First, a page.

Hospital Waiting Lists and How They Are Compiled

[Speaking in the Seanad during Order of Business]

I am sorry if I sound like a broken record, but we will need to have a fresh debate on the issue of hospital waiting lists in the aftermath of data and an international comparison being published, both of which emerged during the week. As the Minister for Health, Deputy Leo Varadkar, has correctly and honestly acknowledged, the HSE figures show an unacceptably long waiting list. Clearly, initiative after initiative has failed. This is the long-running wound in the health care system. In every one of the 22 years I have worked in Ireland since coming back in 1993 it has been the ongoing disaster. There is no sign of it getting better; it is just getting worse.

One might say this is a problem which reflects the increasing success of medicine, its increasing cost and complexity and increasing demand on services, but we have comparative figures which show that other countries are doing it much better. As the House will know, I have brought to the attention of colleagues in this and other fora my concerns about some of the metrics being used to collect waiting list statistics. I will not use any pejorative or presumptive term, but I have referred to the possibility that there may have been practices in recording these metrics within the HSE which tended to minimise the length of the wait by not starting waiting lists until correspondence had been received, etc., and of having the dual waiting list phenomenon, whereby people waiting to see a doctor are put on a second waiting list for the procedure, surgery or test that the doctor orders without really counting the totality of a waiting list.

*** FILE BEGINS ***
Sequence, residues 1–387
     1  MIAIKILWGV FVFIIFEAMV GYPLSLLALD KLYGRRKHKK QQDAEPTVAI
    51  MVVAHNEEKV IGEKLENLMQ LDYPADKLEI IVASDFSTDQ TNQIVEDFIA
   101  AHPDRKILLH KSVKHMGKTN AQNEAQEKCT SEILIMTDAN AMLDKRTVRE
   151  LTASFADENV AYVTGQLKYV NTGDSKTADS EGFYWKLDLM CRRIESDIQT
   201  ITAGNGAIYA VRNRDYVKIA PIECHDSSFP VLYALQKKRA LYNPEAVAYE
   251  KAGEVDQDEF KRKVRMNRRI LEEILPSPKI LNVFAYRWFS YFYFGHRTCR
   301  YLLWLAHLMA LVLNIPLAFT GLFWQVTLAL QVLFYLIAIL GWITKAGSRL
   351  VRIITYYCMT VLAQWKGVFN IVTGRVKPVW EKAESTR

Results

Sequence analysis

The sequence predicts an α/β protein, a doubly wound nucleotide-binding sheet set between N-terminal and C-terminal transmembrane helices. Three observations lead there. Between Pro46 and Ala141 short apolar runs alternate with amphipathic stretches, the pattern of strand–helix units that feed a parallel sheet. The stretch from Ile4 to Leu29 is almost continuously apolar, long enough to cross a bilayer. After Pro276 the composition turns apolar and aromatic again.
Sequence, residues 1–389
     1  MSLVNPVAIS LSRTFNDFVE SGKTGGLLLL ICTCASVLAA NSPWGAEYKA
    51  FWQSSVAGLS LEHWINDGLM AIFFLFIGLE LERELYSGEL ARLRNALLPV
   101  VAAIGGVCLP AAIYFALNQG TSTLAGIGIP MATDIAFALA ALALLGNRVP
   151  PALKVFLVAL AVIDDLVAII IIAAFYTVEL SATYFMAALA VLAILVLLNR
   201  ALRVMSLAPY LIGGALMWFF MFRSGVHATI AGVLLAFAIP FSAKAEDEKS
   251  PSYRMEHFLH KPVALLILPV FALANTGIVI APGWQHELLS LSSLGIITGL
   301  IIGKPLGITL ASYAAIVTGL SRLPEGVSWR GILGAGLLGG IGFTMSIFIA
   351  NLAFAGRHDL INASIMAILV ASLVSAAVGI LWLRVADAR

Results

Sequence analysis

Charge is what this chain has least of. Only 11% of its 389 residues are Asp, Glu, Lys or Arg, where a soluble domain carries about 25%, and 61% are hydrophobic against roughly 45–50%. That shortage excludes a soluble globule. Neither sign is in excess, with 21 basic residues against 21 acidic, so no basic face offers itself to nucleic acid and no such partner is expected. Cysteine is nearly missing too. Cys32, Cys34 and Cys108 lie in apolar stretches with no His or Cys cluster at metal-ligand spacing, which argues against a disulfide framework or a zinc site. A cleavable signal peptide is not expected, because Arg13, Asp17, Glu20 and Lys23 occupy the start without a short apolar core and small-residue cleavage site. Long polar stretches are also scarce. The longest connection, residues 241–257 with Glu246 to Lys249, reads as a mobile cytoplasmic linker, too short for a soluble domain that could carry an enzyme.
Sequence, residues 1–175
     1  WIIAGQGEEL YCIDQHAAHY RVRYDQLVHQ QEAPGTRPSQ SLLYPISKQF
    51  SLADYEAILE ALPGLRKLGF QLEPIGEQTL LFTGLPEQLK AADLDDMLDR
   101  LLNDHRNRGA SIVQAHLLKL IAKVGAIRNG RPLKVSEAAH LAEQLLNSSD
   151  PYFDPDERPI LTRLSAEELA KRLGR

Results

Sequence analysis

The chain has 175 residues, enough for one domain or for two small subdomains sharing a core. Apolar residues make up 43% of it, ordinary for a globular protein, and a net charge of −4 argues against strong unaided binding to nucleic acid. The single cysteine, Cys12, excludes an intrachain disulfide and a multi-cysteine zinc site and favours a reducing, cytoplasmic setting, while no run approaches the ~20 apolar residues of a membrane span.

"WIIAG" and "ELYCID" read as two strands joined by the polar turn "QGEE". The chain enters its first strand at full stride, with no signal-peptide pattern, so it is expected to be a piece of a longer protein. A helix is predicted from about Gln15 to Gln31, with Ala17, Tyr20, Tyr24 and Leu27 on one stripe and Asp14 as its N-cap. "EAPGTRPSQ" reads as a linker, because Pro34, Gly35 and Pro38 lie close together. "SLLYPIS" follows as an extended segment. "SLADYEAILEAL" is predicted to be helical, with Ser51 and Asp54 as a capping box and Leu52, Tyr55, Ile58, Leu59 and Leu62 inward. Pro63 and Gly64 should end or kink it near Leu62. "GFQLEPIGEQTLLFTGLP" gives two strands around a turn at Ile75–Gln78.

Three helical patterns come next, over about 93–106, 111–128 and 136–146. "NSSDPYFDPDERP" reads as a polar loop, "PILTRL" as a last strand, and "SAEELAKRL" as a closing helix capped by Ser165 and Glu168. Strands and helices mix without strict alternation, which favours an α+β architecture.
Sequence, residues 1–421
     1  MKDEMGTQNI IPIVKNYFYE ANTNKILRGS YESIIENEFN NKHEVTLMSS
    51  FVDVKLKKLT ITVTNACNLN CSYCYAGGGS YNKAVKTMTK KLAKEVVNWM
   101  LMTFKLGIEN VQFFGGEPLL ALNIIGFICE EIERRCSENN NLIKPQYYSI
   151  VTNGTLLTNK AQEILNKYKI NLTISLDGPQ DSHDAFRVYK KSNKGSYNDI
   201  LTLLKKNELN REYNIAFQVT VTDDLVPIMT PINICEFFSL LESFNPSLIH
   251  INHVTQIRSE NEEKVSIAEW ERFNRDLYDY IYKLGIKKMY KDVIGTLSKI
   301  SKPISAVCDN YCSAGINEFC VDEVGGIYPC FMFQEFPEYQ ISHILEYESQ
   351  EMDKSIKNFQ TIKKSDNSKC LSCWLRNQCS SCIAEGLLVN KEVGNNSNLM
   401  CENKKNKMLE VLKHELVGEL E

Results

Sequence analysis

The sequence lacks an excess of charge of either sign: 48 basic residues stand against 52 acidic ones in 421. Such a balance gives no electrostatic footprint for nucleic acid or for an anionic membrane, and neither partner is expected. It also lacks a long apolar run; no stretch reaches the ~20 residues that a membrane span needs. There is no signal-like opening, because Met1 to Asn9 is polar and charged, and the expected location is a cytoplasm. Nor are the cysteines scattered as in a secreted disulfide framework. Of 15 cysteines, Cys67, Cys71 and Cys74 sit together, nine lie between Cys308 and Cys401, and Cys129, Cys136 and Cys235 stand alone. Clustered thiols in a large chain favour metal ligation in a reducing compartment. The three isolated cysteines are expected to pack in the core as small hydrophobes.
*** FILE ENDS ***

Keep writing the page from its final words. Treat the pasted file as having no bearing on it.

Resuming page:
We now know that the problem is bad. Data from the European Health Consumer Index published in the past few days show that not only are we doing very badly and slipping, but we are now lower than Estonia and Slovenia. It is an old song which I have been singing for a while. It is telling that the people who compiled the data for the European Health Consumer Index said they were no longer using government figures. I refer to “government” in the broad public service sense, rather than to the Government. They no longer use the officially provided figures because they consider they are not credible. They are now using figures which they take from alternative sources, including patient groups.

We have a real problem. We know that the waiting lists are bad and have a suspicion that they may even be worse than is thought from the official figures. They are getting worse in comparison to those in other countries and there is now at least some international scrutiny of the methodology we use for collecting figures which suggests the position may be a good deal worse than we know. I have a certain sympathy for the Minister and the officials on the crisis that emerged in emergency departments. While that will happen from time to time, the problem is that the outlet valve on the other side of emergency departments of beds for patient admissions is so deficient that problems are being caused for elective waiting lists. The beds now being freed up to deal with the high profile emergency room overcrowding issue are one that could otherwise have been used to get people off waiting lists. Four years into the term of the Government that promised as one its core principles the reform of the health service, it needs to be done.

One Response to “Hospital Waiting Lists and How They Are Compiled”
  1. Eileen OSullivan says:

    Well said but is anybody listening?

    Best regards

    Sent from my iPhone


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